My older elementary students use yarn and paper mache to create a fiber arts bowl.
3 sessions; 40 minutes per session
SWBAT understand that fibers can be used to create more than fabrics.
SWBAT identify complementary colors.
SWBAT idetnfy analagous colors.
Yarn, multiple colors
Styrofoam bowls (to mold the yarn)
Flour (to make paper mache paste)
Bowls to hold the paper mache
Small pony beads to decorate Finished bowl(optional)
Puffy Paint (optional)
Mod Podge (optional)
Paper slips for name labels
We will begin class by discussing what fiber arts are and what materials can be used to provide the fibers used in fiber arts (cotton, wool, etc.). When I teach this lesson to classes that are studying the colonial period of American history, we look at looms and spindles and discuss their importance during this period.
We also review the difference between complementary and analagous colors and how to find them using a color wheel. Students will choose whether they want the color scheme of their bowl to be complementary or analagous.
They will put their names on the bottom of a styrofoam boal, which will be used as a mold for the wet yarn next time. They will place a piece of plastic wrap in it and then cut pieces of yarn to dip in paper mache and wrap in the bowl next time.
TTW review what was done last class period. I have the students turn to a tablemate and explain whether they have chosen to use complementary or analagous colors.
TTW demonstrate how to dip the string in the paper mache, squeezing any excess off and use the bowl as a mold for their yarn. The plastic wrap should be placed between the yarn and the styrofoam (to make it easier to remove the dried yarn when finished). I allow students to place the yarn in one of three ways:
1. They can wind the yarn inside the bowl and up the sides.
2. They can wind the yarn over the outside of the bowl.
3. Students who have difficulty getting the yarn to wind can place it in random designs either inside the styrofoam or over it. As long as the string is touching, the paper mache will cause it to stick together.
Students will use the yarn they cut last week to place into the design they want for their bowl. Once complete, these will be permitted to dry.
Students will receive their now dry bowl. They will remove it from the styrofoam mold and can decorate it by adding small pony beads or dots of puffy paint.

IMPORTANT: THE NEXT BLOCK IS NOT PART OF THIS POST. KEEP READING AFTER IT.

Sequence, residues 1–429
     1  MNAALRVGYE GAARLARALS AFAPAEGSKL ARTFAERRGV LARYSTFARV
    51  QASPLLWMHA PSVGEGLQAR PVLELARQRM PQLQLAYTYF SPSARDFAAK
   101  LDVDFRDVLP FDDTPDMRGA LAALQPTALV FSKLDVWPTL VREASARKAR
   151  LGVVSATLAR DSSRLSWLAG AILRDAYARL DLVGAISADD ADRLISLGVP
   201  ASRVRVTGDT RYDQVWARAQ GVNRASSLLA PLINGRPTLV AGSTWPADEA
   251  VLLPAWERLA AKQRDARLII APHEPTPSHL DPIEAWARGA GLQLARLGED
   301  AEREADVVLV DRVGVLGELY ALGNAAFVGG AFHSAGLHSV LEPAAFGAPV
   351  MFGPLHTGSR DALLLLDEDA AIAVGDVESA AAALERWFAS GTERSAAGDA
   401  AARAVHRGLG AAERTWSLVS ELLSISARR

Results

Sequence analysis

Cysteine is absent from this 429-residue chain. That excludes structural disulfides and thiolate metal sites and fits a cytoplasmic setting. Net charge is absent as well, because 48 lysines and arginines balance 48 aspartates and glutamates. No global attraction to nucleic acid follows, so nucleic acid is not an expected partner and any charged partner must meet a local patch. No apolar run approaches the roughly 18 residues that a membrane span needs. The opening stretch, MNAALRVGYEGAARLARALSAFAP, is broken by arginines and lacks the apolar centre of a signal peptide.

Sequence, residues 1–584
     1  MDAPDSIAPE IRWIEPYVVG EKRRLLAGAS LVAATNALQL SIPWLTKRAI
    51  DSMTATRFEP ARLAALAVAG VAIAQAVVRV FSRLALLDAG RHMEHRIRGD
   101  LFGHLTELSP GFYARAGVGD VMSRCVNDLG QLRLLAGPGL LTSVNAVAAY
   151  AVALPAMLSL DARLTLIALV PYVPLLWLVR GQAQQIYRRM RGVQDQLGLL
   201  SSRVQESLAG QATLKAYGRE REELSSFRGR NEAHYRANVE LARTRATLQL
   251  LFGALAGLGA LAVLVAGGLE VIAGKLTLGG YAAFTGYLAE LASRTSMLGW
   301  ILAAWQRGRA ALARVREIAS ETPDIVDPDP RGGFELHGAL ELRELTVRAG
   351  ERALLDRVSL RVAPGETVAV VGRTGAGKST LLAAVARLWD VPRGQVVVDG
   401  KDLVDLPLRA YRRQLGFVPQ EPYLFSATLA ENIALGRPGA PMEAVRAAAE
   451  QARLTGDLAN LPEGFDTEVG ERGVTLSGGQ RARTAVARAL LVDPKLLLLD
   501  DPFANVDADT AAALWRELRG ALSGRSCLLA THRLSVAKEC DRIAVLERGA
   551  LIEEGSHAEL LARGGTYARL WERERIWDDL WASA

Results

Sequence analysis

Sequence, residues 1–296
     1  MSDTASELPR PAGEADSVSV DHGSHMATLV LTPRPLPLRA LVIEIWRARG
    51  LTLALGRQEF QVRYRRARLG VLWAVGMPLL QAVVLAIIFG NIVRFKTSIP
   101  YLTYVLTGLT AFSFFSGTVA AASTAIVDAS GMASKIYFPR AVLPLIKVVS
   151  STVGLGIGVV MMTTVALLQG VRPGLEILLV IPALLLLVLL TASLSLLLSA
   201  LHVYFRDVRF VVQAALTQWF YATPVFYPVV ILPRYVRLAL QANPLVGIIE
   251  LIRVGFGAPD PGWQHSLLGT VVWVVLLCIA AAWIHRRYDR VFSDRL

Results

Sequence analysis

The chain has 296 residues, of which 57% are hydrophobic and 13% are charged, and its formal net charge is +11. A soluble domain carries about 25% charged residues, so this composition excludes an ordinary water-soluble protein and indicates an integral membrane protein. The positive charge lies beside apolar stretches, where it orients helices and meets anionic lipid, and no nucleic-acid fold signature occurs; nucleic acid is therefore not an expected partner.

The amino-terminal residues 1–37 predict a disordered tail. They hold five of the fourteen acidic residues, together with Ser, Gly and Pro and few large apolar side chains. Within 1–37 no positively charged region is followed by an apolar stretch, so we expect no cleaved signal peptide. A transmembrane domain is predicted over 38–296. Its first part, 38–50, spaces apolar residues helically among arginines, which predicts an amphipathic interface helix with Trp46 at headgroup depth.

When complete, students will complete a peer assessment. They will do a "think-pair-share" where they discuss their work with classmates.
I thought this was a great fiber arts project to do that was not necessarily weaving.
Visual Arts Standard 1: Understanding and applying media, techniques, and processes
[K-4] Students use art materials and tools in a safe and responsible manner
[5-8] Students intentionally take advantage of the qualities and characteristics of art media, techniques, and processes to enhance communication of their experiences and ideas
Visual Arts Standard 4: Understanding the visual arts in relation to history and cultures
[5-8] Students describe and place a variety of art objects in historical and cultural contexts
[5-8] Students analyze, describe, and demonstrate how factors of time and place (such as climate, resources, ideas, and technology) influence visual characteristics that give meaning and value to a work of art
Visual Arts Standard 5: Reflecting upon and assessing the characteristics and merits of their work and the work of others
[K-4] Students understand there are various purposes for creating works of visual art
Visual Arts Standard 6: Making connections between visual arts and other disciplines
[K-4] Students identify connections between the visual arts and other disciplines in the curriculum
Color/Value, Form, Rhythm/Pattern
Jeff_Lahr12/27/2012 at 07:42am
I'm looking for projects for middle school independent learning stations. This looks perfect! Thanks for sharing.
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